Marijuana plantations for Eindhoven

The Dutch city of Eindhoven has caused a stir with a plan to set up a cannabis plantation to supply marijuana to its coffee shops. The move was announced at a “weed summit”, when dozens of Dutch mayors urged the government to back the pilot project in an effort to clamp down on the criminals who supply the drug.

The Netherlands, famed for having one of Europe’s most tolerant policies on soft drugs, allows for the possession of less than 5g of marijuana and its sale in coffee shops, but bans the cultivation and supply of the drug to these shops. The majority of Dutch mayors say this legal “back door” has spawned an illicit industry worth €2bn (£1.7bn) a year.

“It’s time that we experimented with a system of regulated plantations so we can have strict guidelines and controls on the quality and price,” Rob de Gijzel, the Mayor of Eindhoven, told the Dutch newspaper Volkskrant. “Authorities must get a grip on the supply of drugs to coffee shops.”

There are also concerns about the increasing strength of unregulated cannabis, with the content of tetrahydrocannabinol, the active chemical ingredient, doubling in recent years.

The weed summit was called to thrash out a revamp of drugs policy after the provincial cities Roosendaal and Bergen op Zoom announced plans to shut all their coffee shops in the next two years to combat drugs tourism and criminal activity. They complain that the 1.3 million French and Belgians who come every year for a puff of weed or dash of hash are often badly behaved. Worse still, they are targeted by “drugs runners” who lure them away from legal outlets to back-door suppliers that offer harder, illegal drugs.

Han Polman, the Mayor of Bergen op Zoom, said: “We are in favour of the Eindhoven experiment but we don’t see it happening quickly. That’s why we are going ahead with our shutdown.”

The Justice Minister Ernst Hirsch Ballin, of the conservative Christian Democratic Appeal party, has applauded these “courageous” efforts to wipe out coffee shops.

The capital, Amsterdam, was in shock over the weekend after news that one in five of its coffee shops would be forced to close under a new law. The city council said 43 of 228 sites must close by the end of 2011 because they are within 250m of a school. This includes the famous Bulldog coffee shop, a tourist magnet housed in a former police headquarters on the Leidseplein. Three Canadian visitors were reeling from the news. One said: “We come here twice a year, we fly thousands of miles, spend probably €4,000 while we are here. It’s the place to be!”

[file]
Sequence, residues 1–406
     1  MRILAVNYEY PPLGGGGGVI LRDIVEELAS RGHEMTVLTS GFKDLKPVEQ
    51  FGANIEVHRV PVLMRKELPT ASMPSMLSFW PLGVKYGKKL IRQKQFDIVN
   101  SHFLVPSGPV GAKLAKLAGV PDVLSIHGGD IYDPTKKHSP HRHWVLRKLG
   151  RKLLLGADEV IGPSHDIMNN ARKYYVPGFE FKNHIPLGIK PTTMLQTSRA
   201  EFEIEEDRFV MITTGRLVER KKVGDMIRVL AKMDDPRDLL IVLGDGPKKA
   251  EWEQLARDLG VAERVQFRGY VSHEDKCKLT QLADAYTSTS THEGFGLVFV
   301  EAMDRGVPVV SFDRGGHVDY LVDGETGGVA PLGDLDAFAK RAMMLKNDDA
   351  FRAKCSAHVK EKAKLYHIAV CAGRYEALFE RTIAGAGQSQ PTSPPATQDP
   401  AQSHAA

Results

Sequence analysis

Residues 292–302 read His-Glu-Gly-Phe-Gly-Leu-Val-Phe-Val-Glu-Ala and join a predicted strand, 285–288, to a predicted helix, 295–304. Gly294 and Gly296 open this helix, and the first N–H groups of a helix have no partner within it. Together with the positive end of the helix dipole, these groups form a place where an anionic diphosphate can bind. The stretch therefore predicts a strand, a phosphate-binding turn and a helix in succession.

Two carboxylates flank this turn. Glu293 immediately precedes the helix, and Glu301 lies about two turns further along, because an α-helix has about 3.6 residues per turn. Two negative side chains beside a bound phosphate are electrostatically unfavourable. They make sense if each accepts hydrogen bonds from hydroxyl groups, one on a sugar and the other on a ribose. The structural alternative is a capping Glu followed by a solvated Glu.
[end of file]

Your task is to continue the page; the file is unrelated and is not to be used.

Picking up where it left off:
The headmistress of a nearby school, Margriet Bosman, was equally unimpressed by the new measure: “This is just for show. Children will get their drugs if they want to anyway, and closing the shops, which are quite regulated, is not a very good solution.”

Amsterdam’s mayor, Job Cohen, is also in favour of permitting the sale of soft drugs. “There should be a system… in which it is clear where soft drugs come from,” he said. Many Dutch also want the tolerant approach to remain in place, with a newspaper poll this week showing 80 per cent of Dutch opposing coffee shop closures.

Experts agree that a ban is not the answer. “A ban is even more dangerous than the grass itself because consumers will turn to illegal circuits and criminality will explode,” said Tim Boekhout, a criminologist.

[…]

The Independent

The only thing wrong with this plan is that the state is going to be the one setting up the plantation. They should completely legalize the growing and selling of marijuana, so that anyone can grow it anywhere and anyone can sell it….just like tomatoes.